For those who like machines and mechanisms (and I’ll assume that is most of you as it is me), there is a world of interest in learning how things “used to be.” How were chronometers made accurate enough for sailing ship navigation well before we could look up the time on our iPhones? One of my favorite topics is all the tooling manual machinists need that CNC doesn’t. The electronics and computer software make it superfluous. A rotary table, for example, is unnecessary to the CNC’er (unless you want to turn it into a 4th axis), but quite useful for manul machining. Yet, there are many fascinating ideas one can derive from the old ways of doing things. Ideas that are often useful despite the electronics of today. The old machining books are priceless (though fortunately, often very cheap in used book stores–keep an eye out!). I learn so much from them, and periodically we see something dredged from the past reinvented and made useful to as in the present. The odd conversion of shaper tool to lathe finishing tool (a skivving tool or “shear” bit) is one such example, and there are many more.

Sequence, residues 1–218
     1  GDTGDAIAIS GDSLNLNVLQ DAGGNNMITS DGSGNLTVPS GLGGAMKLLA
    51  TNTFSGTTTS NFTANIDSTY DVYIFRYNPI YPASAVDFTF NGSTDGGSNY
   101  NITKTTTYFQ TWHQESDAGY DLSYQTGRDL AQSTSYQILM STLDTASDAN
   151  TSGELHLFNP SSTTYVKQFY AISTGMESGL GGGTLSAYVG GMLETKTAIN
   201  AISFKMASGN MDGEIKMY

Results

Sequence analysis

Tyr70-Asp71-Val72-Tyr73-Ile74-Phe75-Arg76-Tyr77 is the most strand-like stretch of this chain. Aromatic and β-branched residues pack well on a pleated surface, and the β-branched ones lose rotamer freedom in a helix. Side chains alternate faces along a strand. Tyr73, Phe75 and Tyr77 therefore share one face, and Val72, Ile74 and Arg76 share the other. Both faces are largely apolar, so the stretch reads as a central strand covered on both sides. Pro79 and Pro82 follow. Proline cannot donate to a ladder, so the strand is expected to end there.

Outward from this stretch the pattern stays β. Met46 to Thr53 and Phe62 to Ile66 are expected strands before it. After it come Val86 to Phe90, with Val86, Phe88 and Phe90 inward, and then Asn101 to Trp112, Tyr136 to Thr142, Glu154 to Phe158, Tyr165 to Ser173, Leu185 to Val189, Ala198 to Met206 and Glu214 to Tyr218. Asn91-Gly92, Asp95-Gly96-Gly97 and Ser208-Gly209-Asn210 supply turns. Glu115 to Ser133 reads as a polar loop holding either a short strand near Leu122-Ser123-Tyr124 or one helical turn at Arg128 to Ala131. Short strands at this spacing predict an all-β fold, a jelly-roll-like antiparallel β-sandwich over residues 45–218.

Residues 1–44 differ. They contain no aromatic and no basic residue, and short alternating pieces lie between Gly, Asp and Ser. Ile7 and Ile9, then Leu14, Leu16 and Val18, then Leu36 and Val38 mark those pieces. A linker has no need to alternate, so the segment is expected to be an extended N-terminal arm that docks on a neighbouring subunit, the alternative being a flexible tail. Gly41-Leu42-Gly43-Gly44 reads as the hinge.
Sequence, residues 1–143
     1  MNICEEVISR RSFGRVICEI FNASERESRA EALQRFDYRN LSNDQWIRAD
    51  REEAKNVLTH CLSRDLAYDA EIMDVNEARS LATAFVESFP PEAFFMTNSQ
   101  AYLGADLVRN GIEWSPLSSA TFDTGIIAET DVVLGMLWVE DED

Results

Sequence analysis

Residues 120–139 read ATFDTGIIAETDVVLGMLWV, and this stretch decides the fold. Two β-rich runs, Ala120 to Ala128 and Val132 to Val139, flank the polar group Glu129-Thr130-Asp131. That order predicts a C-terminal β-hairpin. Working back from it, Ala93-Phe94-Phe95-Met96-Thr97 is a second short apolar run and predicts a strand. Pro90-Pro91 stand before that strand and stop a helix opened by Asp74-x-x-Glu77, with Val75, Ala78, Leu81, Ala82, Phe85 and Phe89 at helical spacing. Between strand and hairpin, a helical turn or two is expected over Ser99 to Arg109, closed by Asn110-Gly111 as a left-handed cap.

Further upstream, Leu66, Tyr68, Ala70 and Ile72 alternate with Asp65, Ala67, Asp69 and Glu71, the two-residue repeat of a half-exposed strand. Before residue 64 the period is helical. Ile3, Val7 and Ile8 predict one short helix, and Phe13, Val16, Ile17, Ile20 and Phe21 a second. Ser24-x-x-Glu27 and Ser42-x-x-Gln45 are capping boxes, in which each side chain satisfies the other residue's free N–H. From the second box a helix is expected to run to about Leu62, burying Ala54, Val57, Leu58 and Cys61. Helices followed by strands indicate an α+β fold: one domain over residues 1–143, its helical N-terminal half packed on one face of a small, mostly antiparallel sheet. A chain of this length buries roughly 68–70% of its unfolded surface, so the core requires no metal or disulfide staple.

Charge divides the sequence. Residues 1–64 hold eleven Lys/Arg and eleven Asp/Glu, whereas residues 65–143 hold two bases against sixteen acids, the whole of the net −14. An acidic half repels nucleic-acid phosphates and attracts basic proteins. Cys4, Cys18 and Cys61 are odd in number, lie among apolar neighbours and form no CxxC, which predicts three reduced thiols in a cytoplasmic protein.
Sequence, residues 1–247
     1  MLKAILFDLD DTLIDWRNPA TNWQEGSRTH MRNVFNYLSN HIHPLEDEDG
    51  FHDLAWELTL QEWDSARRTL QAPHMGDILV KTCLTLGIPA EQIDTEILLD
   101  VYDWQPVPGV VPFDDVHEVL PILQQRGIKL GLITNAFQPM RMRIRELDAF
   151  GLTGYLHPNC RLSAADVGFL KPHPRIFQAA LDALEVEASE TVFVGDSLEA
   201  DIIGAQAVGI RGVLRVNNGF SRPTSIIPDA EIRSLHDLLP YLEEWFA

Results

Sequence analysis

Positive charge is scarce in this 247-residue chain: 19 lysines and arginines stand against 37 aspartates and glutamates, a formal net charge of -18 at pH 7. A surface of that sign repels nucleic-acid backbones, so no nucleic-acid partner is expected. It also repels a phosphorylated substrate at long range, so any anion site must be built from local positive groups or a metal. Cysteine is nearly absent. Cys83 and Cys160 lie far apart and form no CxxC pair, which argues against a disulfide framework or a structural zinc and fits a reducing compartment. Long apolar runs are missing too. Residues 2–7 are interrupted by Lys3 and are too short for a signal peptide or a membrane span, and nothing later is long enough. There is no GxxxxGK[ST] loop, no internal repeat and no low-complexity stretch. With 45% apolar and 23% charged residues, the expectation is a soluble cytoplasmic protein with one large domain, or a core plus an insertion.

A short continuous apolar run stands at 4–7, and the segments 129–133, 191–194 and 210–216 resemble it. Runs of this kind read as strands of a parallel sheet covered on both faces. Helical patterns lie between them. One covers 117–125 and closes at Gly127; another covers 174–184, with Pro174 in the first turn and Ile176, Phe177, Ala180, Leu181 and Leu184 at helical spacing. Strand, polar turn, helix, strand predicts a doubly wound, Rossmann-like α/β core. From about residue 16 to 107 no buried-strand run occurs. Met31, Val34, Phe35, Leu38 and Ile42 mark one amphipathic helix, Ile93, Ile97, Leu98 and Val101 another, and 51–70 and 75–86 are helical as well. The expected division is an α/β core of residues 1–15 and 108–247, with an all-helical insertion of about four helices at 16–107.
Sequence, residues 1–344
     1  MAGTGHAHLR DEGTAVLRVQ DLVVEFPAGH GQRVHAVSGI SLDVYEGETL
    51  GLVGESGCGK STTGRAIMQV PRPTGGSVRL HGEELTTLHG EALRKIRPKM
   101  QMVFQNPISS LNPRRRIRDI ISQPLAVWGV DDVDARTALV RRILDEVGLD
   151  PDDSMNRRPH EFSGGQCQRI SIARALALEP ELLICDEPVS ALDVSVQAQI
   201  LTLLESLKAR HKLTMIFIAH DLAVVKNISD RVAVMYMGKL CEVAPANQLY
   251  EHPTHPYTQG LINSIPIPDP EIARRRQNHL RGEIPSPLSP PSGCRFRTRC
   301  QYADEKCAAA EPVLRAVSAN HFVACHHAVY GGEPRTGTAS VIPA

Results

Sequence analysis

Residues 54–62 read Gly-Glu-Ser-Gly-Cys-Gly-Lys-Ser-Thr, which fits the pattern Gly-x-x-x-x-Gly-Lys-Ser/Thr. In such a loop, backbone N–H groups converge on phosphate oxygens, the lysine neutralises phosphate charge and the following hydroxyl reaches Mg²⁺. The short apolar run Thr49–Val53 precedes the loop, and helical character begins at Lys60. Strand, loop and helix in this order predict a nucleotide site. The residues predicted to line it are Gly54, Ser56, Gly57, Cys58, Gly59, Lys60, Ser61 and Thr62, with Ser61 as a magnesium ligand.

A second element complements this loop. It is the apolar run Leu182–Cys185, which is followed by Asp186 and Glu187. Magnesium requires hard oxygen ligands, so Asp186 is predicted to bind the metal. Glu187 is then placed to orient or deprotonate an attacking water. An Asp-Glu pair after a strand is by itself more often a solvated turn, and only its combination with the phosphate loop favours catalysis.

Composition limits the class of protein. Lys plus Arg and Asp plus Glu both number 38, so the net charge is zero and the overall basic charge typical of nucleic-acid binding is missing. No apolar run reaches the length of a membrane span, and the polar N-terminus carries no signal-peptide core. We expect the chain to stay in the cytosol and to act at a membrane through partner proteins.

HSM has a fascinating thread going about how machinists got by without DRO’s back in the day. I plucked two pictures that tell of one machine’s abilities in this respect:

The venerable Kearney and Trecker 2D was a very sophisticated mill in its day…

Note the dial indicator with grooved trough. One inserted either precision rods or gage blocks into the trough. The table then “bumped into” that stack which would register very accurately on the indicator.

While we’re on the subject of how old machines worked, how about Constant Surface Speed? As you go to smaller and smaller diameters while facing (or turning) on a lathe, you need to speed up the spindle to maintain a constant SFM. This results in a nicer finish. The feature is common on CNC’s. Monarch had a version of the 10EE that could do it (Monarch’s motor drive electronics were one of its most innovative features, and most difficult now that the world has moved on to VFD’s and such). But how about a much older lathe?

This is how Cunliffe & Croom did it in 1914:

The clockwork mechanism apparently adjusted a potentiometer that varied the speed of the DC motor…


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